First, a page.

(Brooklyn Dame, the founder and editor of Borderless News and Views
, sees the rising power of social media in this incident of the film controversy.)
Brook, what we see today is social media used for running political campaigns and posting content that leads people toward aggression? Do you think social media today should have the same kind of editorial razor that most professional publications do?
Brook: Unfortunately, a large part of the reason social media has such influence in terms of carrying newsworthy events is because traditional media outlets are not doing the work they used to do. In years past, there was a big difference between reporters and journalists – and journalists were expected to bring facts to the audience and let the audience decide for themselves how to shape their own opinions. Now, many journalists and reporters are simply talking heads who form opinions for the audience. It's human nature to put one's own 'spin' on issues after interpreting facts but audiences aren't given a chance to sift through the chatter because, oftentimes, facts are omitted because the journalists have their own agenda. Personally, I find that many unpaid bloggers with plenty of time on hand to do research do a much better job than those on telly who are being paid big bucks to inform the public.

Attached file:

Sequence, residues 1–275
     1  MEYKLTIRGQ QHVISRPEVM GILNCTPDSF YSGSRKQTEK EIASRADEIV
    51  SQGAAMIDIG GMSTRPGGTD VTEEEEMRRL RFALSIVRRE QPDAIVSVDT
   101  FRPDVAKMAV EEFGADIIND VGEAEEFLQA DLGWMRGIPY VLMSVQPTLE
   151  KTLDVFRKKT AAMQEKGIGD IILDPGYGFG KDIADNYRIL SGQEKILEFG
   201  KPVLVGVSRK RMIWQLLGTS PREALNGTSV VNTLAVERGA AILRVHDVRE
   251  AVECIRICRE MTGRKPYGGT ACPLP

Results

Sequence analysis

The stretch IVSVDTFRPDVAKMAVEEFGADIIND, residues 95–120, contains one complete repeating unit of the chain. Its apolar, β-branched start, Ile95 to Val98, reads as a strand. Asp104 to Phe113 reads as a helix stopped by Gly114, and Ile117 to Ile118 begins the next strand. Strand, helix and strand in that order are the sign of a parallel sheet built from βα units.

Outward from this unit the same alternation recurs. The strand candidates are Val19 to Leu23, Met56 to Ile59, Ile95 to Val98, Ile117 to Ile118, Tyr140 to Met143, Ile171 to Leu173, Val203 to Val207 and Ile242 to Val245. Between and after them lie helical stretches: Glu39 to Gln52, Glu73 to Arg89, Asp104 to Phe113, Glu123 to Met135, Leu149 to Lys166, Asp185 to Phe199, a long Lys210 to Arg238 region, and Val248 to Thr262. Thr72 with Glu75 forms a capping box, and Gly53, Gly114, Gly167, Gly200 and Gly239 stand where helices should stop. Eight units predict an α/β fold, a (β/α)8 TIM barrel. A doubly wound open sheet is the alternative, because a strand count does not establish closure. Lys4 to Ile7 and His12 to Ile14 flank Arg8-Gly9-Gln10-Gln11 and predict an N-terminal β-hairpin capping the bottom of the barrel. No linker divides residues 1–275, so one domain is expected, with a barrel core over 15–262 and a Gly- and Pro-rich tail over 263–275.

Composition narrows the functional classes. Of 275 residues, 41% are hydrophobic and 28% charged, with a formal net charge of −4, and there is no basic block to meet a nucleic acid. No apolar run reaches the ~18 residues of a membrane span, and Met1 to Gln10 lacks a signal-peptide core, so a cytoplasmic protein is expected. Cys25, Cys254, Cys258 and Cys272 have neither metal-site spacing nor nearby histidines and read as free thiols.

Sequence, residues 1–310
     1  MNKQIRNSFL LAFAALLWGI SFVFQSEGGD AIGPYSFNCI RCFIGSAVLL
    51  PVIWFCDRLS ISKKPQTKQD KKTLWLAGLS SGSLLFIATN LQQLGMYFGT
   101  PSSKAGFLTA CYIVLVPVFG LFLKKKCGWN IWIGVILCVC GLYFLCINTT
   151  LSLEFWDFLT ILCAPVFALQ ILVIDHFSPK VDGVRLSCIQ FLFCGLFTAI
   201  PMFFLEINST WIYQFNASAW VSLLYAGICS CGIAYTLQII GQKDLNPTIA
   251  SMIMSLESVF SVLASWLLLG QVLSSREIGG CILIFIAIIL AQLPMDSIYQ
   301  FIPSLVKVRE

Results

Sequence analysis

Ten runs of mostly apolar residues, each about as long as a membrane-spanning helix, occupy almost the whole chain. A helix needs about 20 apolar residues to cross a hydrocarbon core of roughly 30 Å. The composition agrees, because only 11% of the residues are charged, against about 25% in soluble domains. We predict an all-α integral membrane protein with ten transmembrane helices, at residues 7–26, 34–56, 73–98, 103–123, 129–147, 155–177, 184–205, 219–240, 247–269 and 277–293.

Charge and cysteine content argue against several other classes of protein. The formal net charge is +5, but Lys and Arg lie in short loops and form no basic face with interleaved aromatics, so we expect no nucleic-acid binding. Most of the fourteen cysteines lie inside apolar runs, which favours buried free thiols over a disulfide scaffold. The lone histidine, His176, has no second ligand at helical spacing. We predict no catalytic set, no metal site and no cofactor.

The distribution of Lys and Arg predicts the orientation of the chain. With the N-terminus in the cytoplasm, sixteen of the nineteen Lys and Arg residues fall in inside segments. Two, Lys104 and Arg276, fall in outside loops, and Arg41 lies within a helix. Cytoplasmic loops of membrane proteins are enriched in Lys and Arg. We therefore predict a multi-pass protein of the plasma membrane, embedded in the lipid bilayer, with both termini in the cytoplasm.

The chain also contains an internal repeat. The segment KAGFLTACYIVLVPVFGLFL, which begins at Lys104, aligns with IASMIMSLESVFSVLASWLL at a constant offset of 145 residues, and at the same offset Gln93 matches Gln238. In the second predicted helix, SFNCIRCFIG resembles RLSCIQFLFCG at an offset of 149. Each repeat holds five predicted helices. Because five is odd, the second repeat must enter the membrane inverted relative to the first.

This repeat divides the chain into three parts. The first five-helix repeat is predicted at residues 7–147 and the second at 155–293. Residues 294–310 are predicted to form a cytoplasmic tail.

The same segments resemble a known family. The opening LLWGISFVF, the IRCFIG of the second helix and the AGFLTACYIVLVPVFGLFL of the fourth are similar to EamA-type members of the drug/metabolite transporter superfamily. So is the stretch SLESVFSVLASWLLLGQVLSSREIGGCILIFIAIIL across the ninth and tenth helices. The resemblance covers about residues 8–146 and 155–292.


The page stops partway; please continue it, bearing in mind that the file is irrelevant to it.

Do you think that we need some special publications that could create awareness of abuse of social media and thus lead to improving peace and tolerance?
Brook: How would one determine what is awareness of abuse? People would define “abuse” according to what they see through their own lens. If abuse in social media is determined to be “blatant and knowingly lying for financial gain” then that could be a standard, but how would a “board of directors for social media abuse” be formed?